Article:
2 thoughts on “Thought

  1. Well, that’s not necessarily bad. If something works in fact but not in theory, that’s just another way of saying that you don’t know why it works in fact – and, therefore, can’t possibly guarantee that it will continue to work in fact. If I were the modern age, I’d replace that, too.

    But perhaps you mean that it is modernity’s inveterate tendency to act upon whichever of two (or more) rival theories is *least* fully borne out in practice. There is, I daresay, something to be said for this thesis – though, even there, I for one would need more specifics before I accepted it fully. (Also, it would be nice to know what, precisely, you mean by “works in fact”. If a course of action fully achieves its stated end, but at the same time makes more desirable ends impossible to achieve, does it “work in fact”?)

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    • I don’t mean to imply that something that works in fact may not also work in theory, only that (in this admittedly laconic and truncated dichotomy) a thing that only works in theory may or may not work in fact. Then again, the theory of why something works in fact may or may not be true, and most theories are erroneous to a greater or lesser degree simply because we usually can’t take account of all the factors.

      By works in fact I mean a thing generally achieves its stated end, while by works in theory I mean there is an idea or mental construct of how it ought to work.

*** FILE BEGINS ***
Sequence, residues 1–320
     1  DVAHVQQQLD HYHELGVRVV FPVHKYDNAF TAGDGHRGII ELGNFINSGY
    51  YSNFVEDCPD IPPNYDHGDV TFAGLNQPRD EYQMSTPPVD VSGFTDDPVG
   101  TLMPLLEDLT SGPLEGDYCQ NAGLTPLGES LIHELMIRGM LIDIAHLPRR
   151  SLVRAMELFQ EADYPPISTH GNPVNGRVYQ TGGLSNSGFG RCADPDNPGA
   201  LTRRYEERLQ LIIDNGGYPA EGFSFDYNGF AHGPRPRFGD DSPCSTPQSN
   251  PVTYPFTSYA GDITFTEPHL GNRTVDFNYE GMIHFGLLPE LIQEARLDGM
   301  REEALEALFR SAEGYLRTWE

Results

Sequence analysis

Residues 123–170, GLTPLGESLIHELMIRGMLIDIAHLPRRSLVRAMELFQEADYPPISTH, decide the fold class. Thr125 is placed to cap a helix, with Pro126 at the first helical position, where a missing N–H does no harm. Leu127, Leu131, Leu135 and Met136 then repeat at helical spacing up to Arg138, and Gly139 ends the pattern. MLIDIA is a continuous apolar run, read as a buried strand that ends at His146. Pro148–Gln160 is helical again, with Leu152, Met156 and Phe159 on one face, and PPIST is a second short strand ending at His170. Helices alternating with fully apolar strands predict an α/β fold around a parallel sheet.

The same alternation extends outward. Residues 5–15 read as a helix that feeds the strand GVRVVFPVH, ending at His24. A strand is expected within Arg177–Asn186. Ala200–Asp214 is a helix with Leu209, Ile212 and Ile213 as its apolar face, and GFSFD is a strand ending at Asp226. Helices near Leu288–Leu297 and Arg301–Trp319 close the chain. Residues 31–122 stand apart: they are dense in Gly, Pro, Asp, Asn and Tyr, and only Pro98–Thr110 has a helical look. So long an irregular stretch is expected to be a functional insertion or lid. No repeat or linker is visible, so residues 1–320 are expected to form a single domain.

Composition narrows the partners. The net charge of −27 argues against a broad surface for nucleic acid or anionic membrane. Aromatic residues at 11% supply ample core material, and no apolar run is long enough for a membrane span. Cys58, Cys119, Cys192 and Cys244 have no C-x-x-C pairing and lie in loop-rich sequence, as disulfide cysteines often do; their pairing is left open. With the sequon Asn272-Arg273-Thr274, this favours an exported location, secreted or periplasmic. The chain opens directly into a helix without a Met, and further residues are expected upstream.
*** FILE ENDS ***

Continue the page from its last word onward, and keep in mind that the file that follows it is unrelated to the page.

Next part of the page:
To take a simple example that I was just reading about on another blog, traditional style Church architecture works in fact in that it ordinarily inspires a sense of awe, reverence, and wonder in the viewer. You can explain how it works (in theory), but doing so is usually not necessary to justify it or to create the desired effect. On the other hand, ‘modernist’ architecture works in theory, as someone may say “I designed this church to create the image of a ship,” or “a lack or right angles creates a sense of mystery.” But this is not the typical reaction a person has in fact; their reactions tend to be indifference or confusion. The explanation – the theory – is actually necessary to justify it.

      The point is that what works in fact and only requires a theory to explain how it works is replaced with something that does not work in fact, or does not work the same extent, but which comes with a plausible-sounding theory to explain why it ought to work better than the thing it replaces.

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